Focus groups of low-income Washington, DC residents conducted by the DCPCA Medical Homes DC project identified multiple barriers to health care access and problems within the system. The identified barriers are common across the country, especially among low-income and minority populations, and the paper recommends several promising practices that health centers can enact to improve access to care and the patient experience.
From the summary:
The 2007-2008 Assets and Opportunity Scorecard contains evidence that even profound and enduring ownership patterns can change and change fast. In the two years since the release of the 2005 Scorecard, median net worth jumped 20% nationwide, while it jumped 68% for women and more than doubled for minorities. Most of these gains have come as a result of increasing homeownership and home values, and are therefore at risk that as interest rates rise and grace periods end, foreclosure rates will also rise. The results underscore the efficacy of housing finance and credit innovation and the need for policing and reigning-in predatory lending.
Yet, the most important message of the 2007-2008 Scorecard, like its two predecessors, is the disparity in asset ownership – and, consequently, economic opportunity–among states, and by race, gender and income.
From the abstract:
In a tax code with no shortage of ironies, the alternative minimum tax (AMT) stands out. Created by Congress in 1969, it was aimed at millionaires, but relatively few millionaires pay it. It is billed as a low-rate levy, but most of its victims face higher taxes because of it. It undermines two widely lauded reforms of the income tax–restoring both bracket creep and the marriage penalty. And though nobody favors keeping this Frankenstein alive, it will be very difficult to kill. Welcome to the tax policy twilight zone.
This handbook is based on training we have conducted on staff sexual misconduct over the past eight years, and the feedback and comments that we have received from correctional professionals who have attended those trainings and implemented changes in their system to prevent sexual abuse of individuals under custodial supervision.
This publication is a critical step in reaching out to rank-and-file correctional staff in order to address the code of silence that surrounds staff sexual misconduct with offenders. We hope that it will deepen the dialogue between line staff, administrators, community leaders, and criminal justice advocates about strategies to eliminate staff sexual misconduct with individuals under custodial supervision.
This handbook aims to educate correctional professionals at all levels on:
• why correctional staff and administrators need to be concerned about staff sexual misconduct with offenders
• how agency culture and the workplace environment influence staff sexual misconduct
• the tools that will help identify and address staff sexual misconduct
• the consequences of staff sexual misconduct with offenders
• the investigative process that should follow an allegation of staff sexual misconduct
• how correctional staff members can keep the workplace safe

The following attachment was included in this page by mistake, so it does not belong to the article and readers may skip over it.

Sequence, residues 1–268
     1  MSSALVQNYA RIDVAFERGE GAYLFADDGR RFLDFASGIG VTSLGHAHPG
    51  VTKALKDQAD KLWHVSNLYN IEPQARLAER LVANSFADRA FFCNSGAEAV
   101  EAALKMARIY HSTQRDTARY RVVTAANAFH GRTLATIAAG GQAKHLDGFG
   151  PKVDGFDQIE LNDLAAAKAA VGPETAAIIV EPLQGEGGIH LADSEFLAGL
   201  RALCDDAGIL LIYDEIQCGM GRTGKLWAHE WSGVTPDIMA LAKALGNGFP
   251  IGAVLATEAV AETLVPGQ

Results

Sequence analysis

The US debate over immigration policy has raised many questions about immigrants — their origins, numbers and characteristics, as well as who has settled in which states.
This Spotlight provides answers to many of these frequently asked questions by bringing together resources from the Migration Policy Institute, the US Census Bureau’s American Community Survey and Decennial Census, US Departments of Homeland Security and State, and Mexico’s National Population Council.
Would you like to work fewer hours, set your own schedule, or work at home? Read here about some of the options for balancing your job with your life.
The foundation’s newest study, involving 145 precincts and 175,000 votes, analyzes actual vote shifts in Hispanic portions of six congressional districts in the 2004 and 2006 elections.
From the press release:
The Commission’s report provides 113 recommendations that would help to ensure that the benefit fairly compensates the service-disabled veterans and their families, as well as help them live with dignity as they rehabilitate and reintegrate into civilian life.
Professional Washington lobbyists are increasingly becoming middlemen between the federal government and cities and states–so much so that the amount of money spent by city and state governments to lobby Washington has doubled since 2000, according to the nonpartisan Center for Responsive Politics.
• Includes a chart: Top 15 City and State Entities to Spend Money on Federal Lobbying in 2007
From press release:
Little has changed in local health care markets since 2005 to break the cycle of rising costs, declining insurance coverage and widening access inequities, according to initial findings from the Center for Studying Health System Change’s (HSC) 2007 site visits to 12 nationally representative metropolitan communities.
Two years ago, HSC researchers identified several troubling trends warning of growing cost and access problems, including a hospital building boom; intense competition among hospitals and physicians to expand profitable specialty services; growing stress on community safety nets; and few cost-control strategies on the part of employers and health plans.